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Viewing 16411 to 16440 of 16574
1953-01-01
Technical Paper
530231
L.E. Wells
THE scope of extensive research devoted to storage battery improvements during recent years is emphasized in this paper, together with a comprehensive review of results achieved to date. In an effort to produce an optimum battery, research has been directed to the qualitative factors, leading to improved performance during the life of the battery, and to quantitative characteristics which would lengthen its life. The author points out that manufacturers have concentrated on building more and more cranking capacity into their product, accomplishing this by decreasing plate thickness, increasing separator efficiency, and by the use of improved active material. He reviews the factors which limit life under cycling and overcharge conditions, and surveys the research which has led to the use of corrosion-resistant alloys to correct electrolysis.
1953-01-01
Technical Paper
530081
ROBERT R. BAYUK
1953-01-01
Technical Paper
530163
DOYLE C. WELLS
1952-01-01
Technical Paper
520171
H.L. HARTZELL
1952-01-01
Technical Paper
520122
C. S. CONSTANTINO
1952-01-01
Technical Paper
520200
H. J. Sands
1952-01-01
Technical Paper
520088
M. M. NEWMAN
FOREWORD The majority of thunderstorm electrical discharges involving aircraft are in the “Upper-reaches” of a lightning discharge channel where currents tend to be lower than for the lightning we know near the ground: Therefore, the term “Static-discharge”, which many pilots use when the discharge does not seem violent enough to warrant the term “Lightning” may logically be used as a more general term covering all thunderstorm electrical discharges. In using the term “static-discharge” it is important to avoid confusion with precipitation charging and the associated minute currents normally discharged through “wick-dischargers” to prevent radio interference. It must be emphasized that discharges in the case of precipitation-static involve currents of fractional amperage insufficient to produce any of pitting or burning effects for which protection might be needed.
1951-01-01
Technical Paper
510012
WILLIAM D. DOWNS
1950-01-01
Technical Paper
500021
GEORGE P. KNAPP
1950-01-01
Technical Paper
500056
CLARK R. LUPTON
1950-01-01
Technical Paper
500122
R. C. TRESEDER, D. D. BOWE
Abstract The procedure followed in the design of a turbo propeller for a given type of installation is outlined. Aerodynamic, physical and control aspects are covered. The resulting design is discussed, and its physical and operational characteristics are briefly described. Test experience is reviewed to indicate how the theoretical design was substantiated.
1950-01-01
Technical Paper
500080
E. C. TAILOR, R. E. SMALL
1949-01-01
Technical Paper
490162
E. S. GALLAGHER
1949-01-01
Technical Paper
490197
L. C. WOLCOTT
ALTHOUGH the wiring systems of trucks are relatively simple and rather accessible for repair and replacement, the author explains that the amount of wire used on buses is much larger and, furthermore, the wires have to run all over the vehicle, thus becoming an inseparable component of the bus. Wires could be readily replaced if conduits and junction boxes were used but, the author says, their cost would be prohibitive. Rather, he looks to the use of insulating materials having longer life, which would give trouble-free wiring systems at a reasonable cost.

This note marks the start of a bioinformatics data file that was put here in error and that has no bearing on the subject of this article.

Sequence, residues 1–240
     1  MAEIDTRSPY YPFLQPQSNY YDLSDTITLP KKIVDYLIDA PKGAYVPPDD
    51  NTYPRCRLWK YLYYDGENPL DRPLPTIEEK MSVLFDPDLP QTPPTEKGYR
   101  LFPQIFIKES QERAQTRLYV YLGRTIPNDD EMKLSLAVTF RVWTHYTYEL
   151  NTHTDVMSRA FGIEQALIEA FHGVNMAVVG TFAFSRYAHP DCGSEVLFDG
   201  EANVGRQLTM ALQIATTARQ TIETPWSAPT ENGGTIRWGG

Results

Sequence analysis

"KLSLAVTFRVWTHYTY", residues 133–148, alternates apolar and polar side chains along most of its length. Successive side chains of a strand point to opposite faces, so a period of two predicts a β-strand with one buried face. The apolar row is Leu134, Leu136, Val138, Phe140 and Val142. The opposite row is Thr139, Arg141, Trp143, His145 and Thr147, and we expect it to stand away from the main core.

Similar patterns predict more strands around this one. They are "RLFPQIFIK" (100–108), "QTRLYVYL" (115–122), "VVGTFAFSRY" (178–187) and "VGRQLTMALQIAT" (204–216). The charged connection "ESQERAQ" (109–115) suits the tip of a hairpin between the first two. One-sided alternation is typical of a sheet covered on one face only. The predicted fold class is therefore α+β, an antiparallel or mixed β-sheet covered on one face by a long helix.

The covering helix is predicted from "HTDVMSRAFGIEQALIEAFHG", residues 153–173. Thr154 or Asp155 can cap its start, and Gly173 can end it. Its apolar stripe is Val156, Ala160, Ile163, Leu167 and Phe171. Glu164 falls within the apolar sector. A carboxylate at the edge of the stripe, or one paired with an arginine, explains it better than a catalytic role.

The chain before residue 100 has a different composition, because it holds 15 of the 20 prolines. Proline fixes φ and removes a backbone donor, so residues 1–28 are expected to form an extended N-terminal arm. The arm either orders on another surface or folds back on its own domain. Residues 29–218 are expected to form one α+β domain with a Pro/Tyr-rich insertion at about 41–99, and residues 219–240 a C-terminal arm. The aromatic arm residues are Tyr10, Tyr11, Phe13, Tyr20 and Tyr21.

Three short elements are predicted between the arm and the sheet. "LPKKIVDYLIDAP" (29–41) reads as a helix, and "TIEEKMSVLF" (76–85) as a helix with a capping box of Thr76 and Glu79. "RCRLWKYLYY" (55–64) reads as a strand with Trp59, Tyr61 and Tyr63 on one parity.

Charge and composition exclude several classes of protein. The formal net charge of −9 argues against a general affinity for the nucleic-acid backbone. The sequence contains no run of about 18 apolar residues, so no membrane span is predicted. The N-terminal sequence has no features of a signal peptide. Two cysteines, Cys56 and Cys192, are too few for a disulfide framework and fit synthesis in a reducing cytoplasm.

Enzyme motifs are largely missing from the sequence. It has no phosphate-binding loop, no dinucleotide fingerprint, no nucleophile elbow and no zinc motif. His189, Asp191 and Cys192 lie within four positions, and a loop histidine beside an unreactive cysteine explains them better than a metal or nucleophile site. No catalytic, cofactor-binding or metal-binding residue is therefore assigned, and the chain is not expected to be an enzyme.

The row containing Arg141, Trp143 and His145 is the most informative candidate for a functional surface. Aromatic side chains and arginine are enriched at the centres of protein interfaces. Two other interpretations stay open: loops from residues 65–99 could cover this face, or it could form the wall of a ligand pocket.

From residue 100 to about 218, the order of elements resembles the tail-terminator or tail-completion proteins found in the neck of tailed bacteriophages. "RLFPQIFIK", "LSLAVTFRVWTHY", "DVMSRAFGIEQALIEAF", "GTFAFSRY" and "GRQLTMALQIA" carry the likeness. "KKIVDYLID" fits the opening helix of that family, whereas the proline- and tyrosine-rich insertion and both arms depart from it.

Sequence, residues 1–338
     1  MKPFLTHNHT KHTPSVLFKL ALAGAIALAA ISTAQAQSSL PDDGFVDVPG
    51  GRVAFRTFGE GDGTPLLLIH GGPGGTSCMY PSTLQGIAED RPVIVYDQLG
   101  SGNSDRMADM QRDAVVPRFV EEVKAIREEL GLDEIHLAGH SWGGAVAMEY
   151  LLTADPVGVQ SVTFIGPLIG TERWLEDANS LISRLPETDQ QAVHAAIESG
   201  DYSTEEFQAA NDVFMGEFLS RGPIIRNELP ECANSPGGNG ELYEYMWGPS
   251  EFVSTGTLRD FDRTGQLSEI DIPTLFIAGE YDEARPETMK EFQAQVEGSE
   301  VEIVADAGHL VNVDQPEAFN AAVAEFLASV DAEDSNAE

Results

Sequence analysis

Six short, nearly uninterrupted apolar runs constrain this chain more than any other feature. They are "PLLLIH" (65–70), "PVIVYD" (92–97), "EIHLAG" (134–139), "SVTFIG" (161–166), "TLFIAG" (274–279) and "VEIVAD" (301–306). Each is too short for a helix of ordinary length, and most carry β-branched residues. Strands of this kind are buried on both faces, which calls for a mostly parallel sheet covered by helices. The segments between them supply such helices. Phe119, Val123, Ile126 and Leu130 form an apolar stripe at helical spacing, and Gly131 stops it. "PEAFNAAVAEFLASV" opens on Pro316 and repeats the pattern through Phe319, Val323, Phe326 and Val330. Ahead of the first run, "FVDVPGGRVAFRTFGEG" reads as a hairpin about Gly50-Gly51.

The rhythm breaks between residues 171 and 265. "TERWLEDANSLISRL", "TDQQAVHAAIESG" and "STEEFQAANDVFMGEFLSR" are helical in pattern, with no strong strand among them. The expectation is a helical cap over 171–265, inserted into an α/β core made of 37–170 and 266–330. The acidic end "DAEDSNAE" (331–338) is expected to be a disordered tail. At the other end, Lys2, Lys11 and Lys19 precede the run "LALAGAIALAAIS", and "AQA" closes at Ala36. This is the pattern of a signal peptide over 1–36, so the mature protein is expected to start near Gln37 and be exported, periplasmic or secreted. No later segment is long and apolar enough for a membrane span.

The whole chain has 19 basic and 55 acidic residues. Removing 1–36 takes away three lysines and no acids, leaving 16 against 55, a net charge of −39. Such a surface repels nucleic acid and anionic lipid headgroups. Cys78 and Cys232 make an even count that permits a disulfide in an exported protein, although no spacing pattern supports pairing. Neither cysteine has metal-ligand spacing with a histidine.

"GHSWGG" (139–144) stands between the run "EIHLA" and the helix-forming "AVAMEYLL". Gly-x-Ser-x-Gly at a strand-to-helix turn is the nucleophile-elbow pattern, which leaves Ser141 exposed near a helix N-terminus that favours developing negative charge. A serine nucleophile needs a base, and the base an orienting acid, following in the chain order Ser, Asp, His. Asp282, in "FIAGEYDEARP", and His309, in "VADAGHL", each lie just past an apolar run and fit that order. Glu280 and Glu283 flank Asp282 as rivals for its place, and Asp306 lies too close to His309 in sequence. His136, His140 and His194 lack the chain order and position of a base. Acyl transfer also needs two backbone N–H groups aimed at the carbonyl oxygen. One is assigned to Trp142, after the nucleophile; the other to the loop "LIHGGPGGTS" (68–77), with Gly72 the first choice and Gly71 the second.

1949-01-01
Technical Paper
490192
W. H. FOLAND
1949-01-01
Technical Paper
490191
J. H. Bolles
1949-01-01
Technical Paper
490026
JAMES M. WICKHAM
1949-01-01
Technical Paper
490031
PHILIP J. COSTA
1949-01-01
Technical Paper
490068
A. W. WUERKER
1948-01-01
Technical Paper
480045
R. R. HIGGINBOTHAM
1948-01-01
Technical Paper
480040
P. HALPERT
1948-01-01
Technical Paper
480109
WALTER C. HADLEY, J. R. HUDNALL, A. E. TRAVER
1948-01-01
Technical Paper
480015
CARL F. BAKER
1948-01-01
Technical Paper
480036
KARL MARTINEZ
1948-01-01
Technical Paper
480192
G. A. Philbrick, W. T. Stark, W. C. Schaffer
DESIGN of stable turboprop control systems is greatly speeded up by the WAC electronic analog. This computing device simulates the physical relationship between the five prime variables involved: speed, torque, temperature, fuel flow, and propeller blade angle. Although as many as 25 design characteristics may be involved in a control system, the analog can determine the optimum values for them in the course of one day. The analog computing technique might be equally valuable in a number of other uses.
1948-01-01
Technical Paper
480038
M. M. NEWMAN
Summary The modern all-metal transport airplane is in general inherently well protected from lightning damage. The metal surface of the airplane forms an inherent safe path for lightning currents around occupants and equipment in the interior. Certain external elements such as movable control surfaces, plastic sections, and outside antennas require protection against lightning. Therefore a thorough knowledge of the character of the lightning discharge and its various effects is of importance. This paper gives an introductory brief discussion of the nature of the lightning discharge phenomena and possible effects on aircraft.
1948-01-01
Technical Paper
480181
HAROLD O. WENDT
A SET of feeler elevators or “feelevators” added to regular spring-tab elevators can lessen the effect of airspeed on the ratio of stick force to airplane normal acceleration. The author develops an equation for computing the stick force per g of normal acceleration with a spring-tab and feelevator arrangement, and applies the equation to a large, high-speed fighter. Plotted results show that, with the feelevator, the stick force required at high speeds to move the elevator is great enough so that the pilot will not accidentally set the elevators for dangerously large accelerations. Yet at low speeds, a reasonably small stick force is enough to control the elevators.
Viewing 16411 to 16440 of 16574